London: Researchers have found that the children conceived through assisted reproductive techniques including IVF (in vitro fertilisation) had a 45 per cent higher risk of death before 1 year of age than children conceived naturally.
The findings, published in the journal Fertility and Sterility, link the increased risk to a higher degree of premature births in IVF children and emphasize that the risk of infant mortality is still very small for both groups.
“Our results indicate that the kind of assisted reproductive technique used may make a difference, and therefore it is important to further investigate what causes or underlying mechanisms are behind the risks,” said study lead author Anastasia Nyman Iliadou from Karolinska Institutet in Sweden.
“They also show the need for extra attention and care of children conceived with IVF, especially during the first week of life,” Iliadou added.
Prior studies show that IVF-pregnancies come with an increased risk of low birth weight, prematurity and birth defects.
These risks have partly been linked to the increased probability of twin-births after IVF-treatment.
In the current study, the researchers selected only singleton children and compared mortality in children conceived through different types of assisted reproductive techniques with children who were conceived naturally.
They analysed data on 2.8 million children born in Sweden over a period of 30 years. Some 43,500 of these were the result of assisted reproduction.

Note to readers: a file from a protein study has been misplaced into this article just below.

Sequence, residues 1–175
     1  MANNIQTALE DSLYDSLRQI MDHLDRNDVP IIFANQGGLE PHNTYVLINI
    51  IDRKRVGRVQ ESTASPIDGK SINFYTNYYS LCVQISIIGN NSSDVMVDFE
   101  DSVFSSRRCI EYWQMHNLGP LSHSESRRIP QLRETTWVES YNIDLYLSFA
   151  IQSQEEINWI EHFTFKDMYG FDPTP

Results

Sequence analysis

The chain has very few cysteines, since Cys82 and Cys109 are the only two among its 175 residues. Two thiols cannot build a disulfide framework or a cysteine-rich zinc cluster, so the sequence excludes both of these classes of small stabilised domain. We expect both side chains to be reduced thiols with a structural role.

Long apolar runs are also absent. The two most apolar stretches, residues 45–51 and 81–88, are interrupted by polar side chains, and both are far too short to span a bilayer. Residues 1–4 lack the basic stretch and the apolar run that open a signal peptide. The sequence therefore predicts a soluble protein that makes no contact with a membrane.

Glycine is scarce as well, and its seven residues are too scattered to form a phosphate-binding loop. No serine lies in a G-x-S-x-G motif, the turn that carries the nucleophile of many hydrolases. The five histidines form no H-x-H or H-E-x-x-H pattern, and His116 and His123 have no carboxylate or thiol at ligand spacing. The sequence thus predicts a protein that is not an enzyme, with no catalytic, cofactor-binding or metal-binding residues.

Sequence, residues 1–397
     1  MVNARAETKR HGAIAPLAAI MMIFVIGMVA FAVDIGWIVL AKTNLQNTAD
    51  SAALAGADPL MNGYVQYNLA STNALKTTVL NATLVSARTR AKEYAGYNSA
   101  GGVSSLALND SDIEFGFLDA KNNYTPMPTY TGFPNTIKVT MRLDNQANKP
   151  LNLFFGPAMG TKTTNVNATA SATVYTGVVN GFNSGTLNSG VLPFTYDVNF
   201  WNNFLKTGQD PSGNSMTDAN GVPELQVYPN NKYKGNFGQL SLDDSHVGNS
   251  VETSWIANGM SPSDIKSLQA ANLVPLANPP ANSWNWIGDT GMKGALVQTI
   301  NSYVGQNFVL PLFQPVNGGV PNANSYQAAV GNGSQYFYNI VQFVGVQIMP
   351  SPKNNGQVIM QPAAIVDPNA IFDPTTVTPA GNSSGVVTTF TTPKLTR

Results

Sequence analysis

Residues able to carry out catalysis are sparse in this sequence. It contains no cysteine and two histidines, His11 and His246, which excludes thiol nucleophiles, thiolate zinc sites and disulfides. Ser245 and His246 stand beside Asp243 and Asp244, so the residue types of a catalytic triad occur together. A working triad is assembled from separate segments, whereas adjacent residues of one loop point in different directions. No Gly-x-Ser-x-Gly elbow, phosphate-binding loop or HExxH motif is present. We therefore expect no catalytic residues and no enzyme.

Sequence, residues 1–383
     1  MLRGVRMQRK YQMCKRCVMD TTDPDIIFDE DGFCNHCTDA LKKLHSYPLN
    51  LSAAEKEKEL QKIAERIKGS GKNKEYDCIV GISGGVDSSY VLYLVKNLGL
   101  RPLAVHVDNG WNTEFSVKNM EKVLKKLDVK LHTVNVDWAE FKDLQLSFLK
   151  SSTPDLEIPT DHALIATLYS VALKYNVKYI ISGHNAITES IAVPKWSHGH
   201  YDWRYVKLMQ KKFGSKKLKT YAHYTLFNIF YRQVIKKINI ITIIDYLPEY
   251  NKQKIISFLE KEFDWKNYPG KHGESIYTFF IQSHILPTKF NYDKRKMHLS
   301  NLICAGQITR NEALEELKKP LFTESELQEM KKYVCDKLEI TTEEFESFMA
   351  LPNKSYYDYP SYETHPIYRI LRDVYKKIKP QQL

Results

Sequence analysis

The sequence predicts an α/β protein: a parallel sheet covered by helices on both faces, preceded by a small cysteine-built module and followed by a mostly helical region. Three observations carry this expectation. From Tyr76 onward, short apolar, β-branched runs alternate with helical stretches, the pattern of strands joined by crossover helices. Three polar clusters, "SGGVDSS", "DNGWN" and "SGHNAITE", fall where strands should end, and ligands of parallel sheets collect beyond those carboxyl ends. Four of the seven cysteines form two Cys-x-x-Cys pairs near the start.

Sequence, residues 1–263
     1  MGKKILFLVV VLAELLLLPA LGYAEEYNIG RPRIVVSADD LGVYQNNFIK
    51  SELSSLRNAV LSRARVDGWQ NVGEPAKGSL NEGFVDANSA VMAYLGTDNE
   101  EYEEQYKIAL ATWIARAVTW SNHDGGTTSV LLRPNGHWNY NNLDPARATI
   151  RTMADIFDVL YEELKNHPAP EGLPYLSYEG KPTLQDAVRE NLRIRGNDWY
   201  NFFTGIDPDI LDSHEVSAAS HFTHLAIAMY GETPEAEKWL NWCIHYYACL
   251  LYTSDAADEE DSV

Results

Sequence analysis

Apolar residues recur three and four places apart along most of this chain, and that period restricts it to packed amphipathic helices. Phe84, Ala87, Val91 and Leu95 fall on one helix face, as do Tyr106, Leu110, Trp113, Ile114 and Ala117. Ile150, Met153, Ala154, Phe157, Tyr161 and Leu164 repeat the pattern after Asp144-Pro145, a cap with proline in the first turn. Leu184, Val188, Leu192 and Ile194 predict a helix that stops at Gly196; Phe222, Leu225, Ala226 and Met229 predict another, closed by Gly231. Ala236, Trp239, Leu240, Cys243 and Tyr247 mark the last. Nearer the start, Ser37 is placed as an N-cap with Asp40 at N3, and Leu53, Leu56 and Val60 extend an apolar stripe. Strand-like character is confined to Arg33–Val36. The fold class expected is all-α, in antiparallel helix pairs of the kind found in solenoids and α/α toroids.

In total, 7 236 children died before 1 year of age, of whom only 114 were conceived with assisted reproductive techniques.
After adjusting for confounding factors such as the mother’s age and earlier infertility, the researchers found that the children conceived through IVF had a 45 percent higher risk of death before 1 year of age than children conceived naturally.
The level of risk varied depending on which type of assisted reproductive technique was used, and how many days had passed since birth. The risk gradually declined after the first weeks of life.
During the first week of life, the children conceived after transfer of a frozen embryo had a more than two-fold higher risk of death than the children conceived naturally.
This was, however, based on only a small sample of children conceived with frozen embryos.
After one week, the risk dropped to about the same level as the naturally conceived children.
Infants conceived from transfer of a fresh embryo or with the help of an intracytoplasmic sperm injection (ICSI)–where a single sperm is injected into the egg–did not have a higher risk of death than naturally conceived children, irrespective of how many days had passed since birth.
According to the researchers, one explanation may be that more IVF-children are born prematurely than those conceived naturally, which in itself could have negative consequences.
The leading causes of infant mortality among children conceived with assisted reproductive techniques included respiratory distress, incomplete lung development, infections and neonatal hemorrhage, which are conditions often linked to prematurity.